What is your background (professional and education)?
After my graduation, I moved to San Francisco where I worked at Yelp for two years. I was part of the team responsible for a variety of user-facing features on the website. My work touched on both the frontend and the backend but I preferred doing backend work.
After two years there I wanted to try living abroad to discover a new place and I was also interested in working on a new product. At that time I was using Spotify a lot, so I decided to apply to work for Spotify at their headquarters in Stockholm.
Had you been to Sweden before?
At Spotify, I focused on backend development. I worked on the notifications system which was responsible for delivering email and push notifications, as well as notifications inside the application itself. An example of the type of notifications we delivered is, when a new album was released, we’d notify users who liked the band which produced the album about the release.
After spending some time on the notifications system, I moved on to working on an analytics platform for people who create podcasts. A lot of people do not know this but you can listen to podcasts in addition to music on Spotify. We had an application for podcasts creators so they can see information like, the demographics of their listeners and which of their episodes were popular.
My last project at Spotify was working on some backend systems related to launching Spotify in new markets. The software I worked on was used to help launch Spotify in Japan.
After Spotify, I worked at Trello for two years. I worked on a lot of different features mostly on the infrastructure side. One of the longer projects I worked on involved adding mechanisms in place so that people would not abuse Trello’s API. We did not want a few people to overwhelm Trello’s backend and make it a poor experience for everybody else.
Why did you leave Spotify?
Actually, it was interesting how I got to work at Trello. One of the original founders of Trello, Joel Spolsky, wrote a blog on software development called “Joel on Software.” It was really popular among programmers and I read it a lot when I was learning about programming in high school. I continued reading it through university as well.
Joel had a lot of cool ideas on how to run a software company. His description of Fog Creek (the company which started Trello) seemed like the ideal place for a software developer. I never would have thought that, ten years after I started reading “Joel on Software,” I would be working at one of the companies Joel started! I really enjoyed my time at Trello. They have a great culture and I learned a lot about working remotely.
But deep down you always wanted to become an entrepreneur?
I lived two years in San Francisco and worked as a developer there so I was exposed to a lot of startup clichés. In San Francisco, you can go anywhere and find someone pitching a startup to you. I always thought, “why does the world need another startup?” To be honest, I never thought I would do one.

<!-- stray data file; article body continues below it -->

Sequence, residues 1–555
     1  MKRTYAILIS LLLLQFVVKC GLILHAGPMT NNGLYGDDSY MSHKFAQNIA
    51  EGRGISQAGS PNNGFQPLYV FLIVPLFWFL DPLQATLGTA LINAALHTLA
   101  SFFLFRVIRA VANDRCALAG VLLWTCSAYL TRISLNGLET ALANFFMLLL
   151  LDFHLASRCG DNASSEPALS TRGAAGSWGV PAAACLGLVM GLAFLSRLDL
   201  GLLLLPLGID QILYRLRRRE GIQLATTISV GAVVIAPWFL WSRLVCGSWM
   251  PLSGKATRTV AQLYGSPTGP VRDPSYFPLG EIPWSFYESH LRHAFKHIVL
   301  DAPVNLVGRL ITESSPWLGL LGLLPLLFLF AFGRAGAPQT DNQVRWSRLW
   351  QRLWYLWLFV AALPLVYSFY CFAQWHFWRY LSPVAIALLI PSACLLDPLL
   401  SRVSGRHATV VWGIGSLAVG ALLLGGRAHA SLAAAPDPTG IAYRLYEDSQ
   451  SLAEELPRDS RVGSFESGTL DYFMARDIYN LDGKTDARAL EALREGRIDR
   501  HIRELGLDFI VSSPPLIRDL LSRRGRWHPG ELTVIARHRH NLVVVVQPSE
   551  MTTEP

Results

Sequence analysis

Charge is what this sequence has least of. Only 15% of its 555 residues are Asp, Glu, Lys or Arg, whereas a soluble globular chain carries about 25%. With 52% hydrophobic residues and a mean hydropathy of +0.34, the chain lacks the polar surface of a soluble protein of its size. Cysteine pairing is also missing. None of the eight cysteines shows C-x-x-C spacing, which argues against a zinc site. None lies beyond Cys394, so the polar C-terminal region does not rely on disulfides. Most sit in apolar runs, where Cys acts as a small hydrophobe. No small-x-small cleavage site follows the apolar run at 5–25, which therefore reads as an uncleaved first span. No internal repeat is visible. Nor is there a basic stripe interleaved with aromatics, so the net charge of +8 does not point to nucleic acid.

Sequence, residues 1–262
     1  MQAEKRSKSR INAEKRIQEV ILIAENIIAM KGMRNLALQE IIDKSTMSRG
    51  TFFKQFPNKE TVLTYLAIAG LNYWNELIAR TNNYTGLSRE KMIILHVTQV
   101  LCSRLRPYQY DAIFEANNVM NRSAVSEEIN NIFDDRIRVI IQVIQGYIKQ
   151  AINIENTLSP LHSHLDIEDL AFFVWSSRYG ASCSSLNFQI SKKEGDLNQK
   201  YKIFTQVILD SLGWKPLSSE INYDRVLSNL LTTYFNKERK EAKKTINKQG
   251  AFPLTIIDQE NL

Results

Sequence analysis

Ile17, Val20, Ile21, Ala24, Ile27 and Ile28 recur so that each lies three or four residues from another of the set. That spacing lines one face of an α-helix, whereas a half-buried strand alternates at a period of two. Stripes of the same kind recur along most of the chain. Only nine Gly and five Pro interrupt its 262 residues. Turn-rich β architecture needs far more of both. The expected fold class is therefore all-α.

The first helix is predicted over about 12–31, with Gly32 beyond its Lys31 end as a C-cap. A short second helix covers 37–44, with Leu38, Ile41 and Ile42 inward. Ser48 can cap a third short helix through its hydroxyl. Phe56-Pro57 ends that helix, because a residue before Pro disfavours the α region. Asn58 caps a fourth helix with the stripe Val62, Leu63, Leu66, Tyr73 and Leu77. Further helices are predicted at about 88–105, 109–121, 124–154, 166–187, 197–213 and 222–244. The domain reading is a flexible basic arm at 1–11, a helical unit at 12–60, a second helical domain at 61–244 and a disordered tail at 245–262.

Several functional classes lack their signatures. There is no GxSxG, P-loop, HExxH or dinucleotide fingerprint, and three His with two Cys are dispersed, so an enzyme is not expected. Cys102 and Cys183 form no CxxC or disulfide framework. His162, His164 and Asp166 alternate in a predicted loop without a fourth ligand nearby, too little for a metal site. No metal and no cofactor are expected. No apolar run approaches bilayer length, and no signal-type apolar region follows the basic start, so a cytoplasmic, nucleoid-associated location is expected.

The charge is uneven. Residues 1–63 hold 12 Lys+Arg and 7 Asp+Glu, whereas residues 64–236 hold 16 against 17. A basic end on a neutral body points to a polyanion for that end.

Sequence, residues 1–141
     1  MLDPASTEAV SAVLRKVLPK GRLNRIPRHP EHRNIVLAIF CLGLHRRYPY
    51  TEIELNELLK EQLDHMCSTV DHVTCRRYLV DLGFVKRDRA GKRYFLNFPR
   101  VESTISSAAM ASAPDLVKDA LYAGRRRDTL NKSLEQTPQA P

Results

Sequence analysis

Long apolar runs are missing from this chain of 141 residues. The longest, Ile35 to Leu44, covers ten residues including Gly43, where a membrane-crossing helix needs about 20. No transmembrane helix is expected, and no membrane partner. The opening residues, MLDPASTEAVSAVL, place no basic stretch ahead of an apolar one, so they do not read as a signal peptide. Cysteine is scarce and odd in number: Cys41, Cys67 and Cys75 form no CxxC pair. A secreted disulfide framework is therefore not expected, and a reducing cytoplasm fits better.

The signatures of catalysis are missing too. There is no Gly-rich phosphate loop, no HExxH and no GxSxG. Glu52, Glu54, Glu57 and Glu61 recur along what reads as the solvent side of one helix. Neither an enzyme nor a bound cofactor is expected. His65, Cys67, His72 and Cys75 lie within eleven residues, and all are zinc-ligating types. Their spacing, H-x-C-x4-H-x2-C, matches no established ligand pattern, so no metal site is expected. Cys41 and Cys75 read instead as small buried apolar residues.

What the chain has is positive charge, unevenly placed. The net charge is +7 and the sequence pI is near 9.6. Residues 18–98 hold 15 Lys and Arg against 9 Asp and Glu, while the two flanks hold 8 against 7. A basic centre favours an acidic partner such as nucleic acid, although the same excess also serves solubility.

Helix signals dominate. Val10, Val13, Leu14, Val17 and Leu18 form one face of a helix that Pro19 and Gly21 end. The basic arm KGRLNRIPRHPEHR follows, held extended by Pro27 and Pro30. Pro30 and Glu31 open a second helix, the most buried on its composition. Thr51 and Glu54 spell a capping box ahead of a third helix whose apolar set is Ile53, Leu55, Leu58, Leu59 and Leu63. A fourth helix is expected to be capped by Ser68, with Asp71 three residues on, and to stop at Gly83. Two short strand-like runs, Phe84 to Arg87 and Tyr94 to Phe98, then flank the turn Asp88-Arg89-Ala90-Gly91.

So how did you get here?
Later, I did a bit of a reading on how smart contracts work in practice and, coincidentally, my friend, Rolando, told me that he was in this telegram group consisting of cryptocurrency enthusiasts. He suggested I join and I did!
It turned out that Mickael was in the telegram group as well; we were actually the only 2 developers there. In this telegram group, I started to learn about ICOs for the first time. I was observing how people were participating in presales and it seemed obvious that a smart contract could be used to improve the workflow.
This telegram group became your first users?
Was this the beginning of PrimaBlock?
It started out as a passion project to explore smart contracts. Then, I realized it was very difficult to use these smart contracts in their current form. There would need to be a UI, otherwise, it was very tough for non-technical people.
I asked Rolando who is a designer if he wanted to help with the design but neither Rolando nor I knew how to do frontend development. We ended up releasing a super barebones version without a UI. To my surprise, the smart contract was used to raise around a million dollars in ETH.
Mickael actually participated in that first deal and he told me he was interested in helping us with the UI. Mickael came on board and he worked tremendously hard. He completed the frontend and most of the initial backend on his own despite not being a frontend developer himself! Mickael’s experience is more on the backend side but he has a very broad skillset.
And then you founded PrimaBlock?
Do you regret your attitude towards startup from before? Do you wish you could have created a startup earlier in your career?
It’s good that I’m able to work on something like PrimaBlock now after accumulating so much experience elsewhere. I would not be able to do as good of a job if I had started working on PrimaBlock right after university.
What were you the most passionate about this project? Why did you continue?
After we launched PrimaBlock as a web application, whenever somebody had trouble using it, I couldn’t stop myself from trying to make sure they got the help they needed. If anybody had a question I saw it as an obligation that we had to provide good customer service. As I mentioned before, Mickael and I are both irrationally driven to make sure everyone has a good experience.
It’s often the case with cryptocurrency exchanges that, when someone sends a support request, it never gets answered adequately. We will do our best to make sure that never happens at PrimaBlock.
Looking back, who was the person that inspired you the most?
I had a really good computer science teacher when I was learning programming as a 16-year-old in high school. Thanks to him I got started on this career path.